10. who_sharted

    who_sharted Banned

    Mar 15, 2010
    The Battery
    For me, it's simple. I spent 17 years learning, reading and playing alto saxophone - treble clef. I can read it as fluently as I read English.

    About halfway through that time I got serious with the bass and going from treble to bass clef and having to transpose the note on the staff was starting to:

    A) increase my ability to read bass clef BUT....
    B) DECREASE my speed with sight reading a chart in treble clef. It was messing with my head too much.

    I stick mostly with re-writing a chart in treble clef if I'm going to learn an entire song on bass - either that or tab.
     
  11. BassyBill

    BassyBill The smooth moderator... Gold Supporting Member

    Mar 12, 2005
    West Midlands UK
    Thanks for the thoughtful responses to all - and let's keep it polite as it's been so far, it could be a really useful thread.

    I'd like to see this convince people who have been turned off reading that they could get a lot of fun, satisfaction and musical development out of just a little effort in this area. It really isn't about "looking down" on anybody.
     
  12. BassyBill

    BassyBill The smooth moderator... Gold Supporting Member

    Mar 12, 2005
    West Midlands UK
    Yeah, understood. :)
     
  13. I would add this: Set a realistic goal. If you play in weekend warrior coverbands, you probably don't have a real need to able to sight read a jazz or orchestral chart. However, being able to read with a basic level of proficiency will open a lot of closed doors.

    I enjoy reading. For what it is worth, I feel that it makes me a better writer too.
     
  14. Toastfuzz

    Toastfuzz

    Jul 20, 2007
    Pittsburgh, PA
    Probably because people like you won't let it drop. Really thought it was necessary to make this a separate post? This just feeds the fire, separates people, gives elitists a place to hate on illiterates, and makes others feel the need to defend themselves. Why's it matter?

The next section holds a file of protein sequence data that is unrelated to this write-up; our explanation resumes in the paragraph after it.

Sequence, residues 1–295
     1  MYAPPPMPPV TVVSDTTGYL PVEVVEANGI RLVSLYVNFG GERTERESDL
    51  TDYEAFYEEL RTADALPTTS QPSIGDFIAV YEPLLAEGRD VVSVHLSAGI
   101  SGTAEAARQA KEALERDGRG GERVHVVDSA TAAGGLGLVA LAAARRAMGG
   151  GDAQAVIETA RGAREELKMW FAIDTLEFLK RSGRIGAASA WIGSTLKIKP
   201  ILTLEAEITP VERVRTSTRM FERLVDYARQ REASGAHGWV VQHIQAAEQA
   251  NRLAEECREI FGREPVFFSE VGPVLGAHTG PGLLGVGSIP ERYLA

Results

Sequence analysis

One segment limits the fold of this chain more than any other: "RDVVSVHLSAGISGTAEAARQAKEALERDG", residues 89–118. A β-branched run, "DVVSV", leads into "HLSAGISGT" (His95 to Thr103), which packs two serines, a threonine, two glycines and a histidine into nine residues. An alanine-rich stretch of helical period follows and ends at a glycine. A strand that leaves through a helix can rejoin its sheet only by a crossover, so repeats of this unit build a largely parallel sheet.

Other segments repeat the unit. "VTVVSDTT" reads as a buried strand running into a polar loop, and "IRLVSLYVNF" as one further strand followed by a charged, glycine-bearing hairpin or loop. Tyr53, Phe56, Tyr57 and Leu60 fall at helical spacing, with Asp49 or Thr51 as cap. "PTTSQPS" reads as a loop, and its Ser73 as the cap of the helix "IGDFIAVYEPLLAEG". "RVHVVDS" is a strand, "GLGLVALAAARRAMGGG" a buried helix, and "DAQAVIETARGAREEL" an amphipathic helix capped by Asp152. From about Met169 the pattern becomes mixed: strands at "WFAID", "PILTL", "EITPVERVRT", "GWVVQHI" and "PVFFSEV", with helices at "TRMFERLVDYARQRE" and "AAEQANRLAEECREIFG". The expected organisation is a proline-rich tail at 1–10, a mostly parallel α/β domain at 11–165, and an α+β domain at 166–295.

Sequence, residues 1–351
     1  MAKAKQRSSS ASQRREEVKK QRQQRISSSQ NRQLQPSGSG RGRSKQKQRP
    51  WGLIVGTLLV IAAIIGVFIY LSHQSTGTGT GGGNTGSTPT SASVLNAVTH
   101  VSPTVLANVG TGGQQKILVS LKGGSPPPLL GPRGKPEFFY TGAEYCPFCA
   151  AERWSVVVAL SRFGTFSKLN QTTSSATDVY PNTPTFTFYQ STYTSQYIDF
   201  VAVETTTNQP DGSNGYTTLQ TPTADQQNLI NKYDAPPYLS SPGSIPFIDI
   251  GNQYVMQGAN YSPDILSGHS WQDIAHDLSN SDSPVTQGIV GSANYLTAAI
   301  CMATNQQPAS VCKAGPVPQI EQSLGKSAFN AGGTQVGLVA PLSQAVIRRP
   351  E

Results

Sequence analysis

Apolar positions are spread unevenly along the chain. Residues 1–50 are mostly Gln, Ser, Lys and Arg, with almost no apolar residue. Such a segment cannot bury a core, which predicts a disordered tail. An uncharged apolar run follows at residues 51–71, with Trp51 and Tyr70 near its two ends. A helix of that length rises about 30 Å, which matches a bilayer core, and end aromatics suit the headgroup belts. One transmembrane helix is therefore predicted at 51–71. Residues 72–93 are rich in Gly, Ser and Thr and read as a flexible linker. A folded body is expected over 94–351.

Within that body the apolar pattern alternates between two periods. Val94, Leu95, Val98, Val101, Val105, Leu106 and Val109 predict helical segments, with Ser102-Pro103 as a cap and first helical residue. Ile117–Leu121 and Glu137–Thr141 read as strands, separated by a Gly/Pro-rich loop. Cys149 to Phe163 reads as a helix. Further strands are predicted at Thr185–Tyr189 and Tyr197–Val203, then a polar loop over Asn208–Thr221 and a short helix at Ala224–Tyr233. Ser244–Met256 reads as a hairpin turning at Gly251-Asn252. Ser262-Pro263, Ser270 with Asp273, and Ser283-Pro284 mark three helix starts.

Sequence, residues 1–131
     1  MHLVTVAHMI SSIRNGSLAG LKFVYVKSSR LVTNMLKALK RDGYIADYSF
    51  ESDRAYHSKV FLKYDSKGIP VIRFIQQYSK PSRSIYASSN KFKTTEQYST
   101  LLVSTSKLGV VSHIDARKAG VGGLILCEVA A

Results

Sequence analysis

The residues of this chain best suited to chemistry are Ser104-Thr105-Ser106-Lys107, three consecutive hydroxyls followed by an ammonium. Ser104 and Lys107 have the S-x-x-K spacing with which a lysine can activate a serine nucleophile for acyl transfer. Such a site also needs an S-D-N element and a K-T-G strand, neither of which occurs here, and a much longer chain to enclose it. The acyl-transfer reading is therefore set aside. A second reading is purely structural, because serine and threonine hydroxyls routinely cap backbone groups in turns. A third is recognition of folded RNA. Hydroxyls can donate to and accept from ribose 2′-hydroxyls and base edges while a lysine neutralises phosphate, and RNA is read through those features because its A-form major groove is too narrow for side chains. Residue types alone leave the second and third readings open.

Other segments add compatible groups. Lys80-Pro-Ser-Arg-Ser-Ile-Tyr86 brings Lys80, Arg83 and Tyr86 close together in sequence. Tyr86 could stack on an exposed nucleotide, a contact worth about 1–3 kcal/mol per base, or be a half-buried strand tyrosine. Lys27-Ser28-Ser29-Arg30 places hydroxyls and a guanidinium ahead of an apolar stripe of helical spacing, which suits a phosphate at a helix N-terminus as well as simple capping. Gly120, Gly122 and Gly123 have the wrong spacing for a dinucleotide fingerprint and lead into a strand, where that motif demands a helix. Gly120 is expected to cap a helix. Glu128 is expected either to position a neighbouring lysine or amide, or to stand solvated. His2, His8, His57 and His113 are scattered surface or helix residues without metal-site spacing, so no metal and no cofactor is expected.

15. pacojas

    pacojas "FYYA BUN"

    Oct 11, 2009
    MEXICANADAMERICA
    i was tramatized as a child while learning to read music. my piano teacher would slap my hands every time i hit the wrong notes. so, i would memorize the lesson and she would yell if i looked at the keyboard.
    then, my evil step-father would make me practice while my five brothers and sisters were outside playing.
    how's that for an excuse?????

    (ironically,.. i now prefer to be beaten and yelled at over learning to read music!!!)
     
  16. Laziness and too much else to learn (= me)

    Also: most charts thrown in front of me don't have bass clef. Although, I know it's helpful to read and be able to play the melody.
     
  17. BassyBill

    BassyBill The smooth moderator... Gold Supporting Member

    Mar 12, 2005
    West Midlands UK
    Wow. I did all that? :D

    Lighten up a little and read through again, maybe?
     
  18. pedro

    pedro

    Apr 5, 2000
    Madison, WI.
    Not being able to read music I think was a leading reason as to why I've had to pursue my livelihood in another field. And trust me folks that sucks canal water.
     
  19. JeffBerlin

    JeffBerlin Guest

    Jan 10, 2009
    It is time consuming. Some guys are into instant gratification. Learning how to read doesn't provide instant gratification. But, finally, most outlets of music education, that is, teachers, magazines (tab) DVD's etc. don't make reading music mandatory, rarely even discuss it or how to go about acquiring this skill. So most players don't pursue it.
     
  20. K'Ching

    K'Ching

    Sep 25, 2006
    Copenhagen
    I guess I've just never understood how it would be benificial to me.

    I've never been in a situation where it was necessary "in the real world" so to speak. Only in school situations, and then it has only a few lines here and there, that I slowly worked through before playing, and then just remembered them. The only times I've ever had to read a full page of music were in tests.

    So since I don't have any tests in the near future, I don't bother practicing it.
     

Thread Status:
Not open for further replies.

Share This Page

  1. This site uses cookies to help personalise content, tailor your experience and to keep you logged in if you register.
    By continuing to use this site, you are consenting to our use of cookies.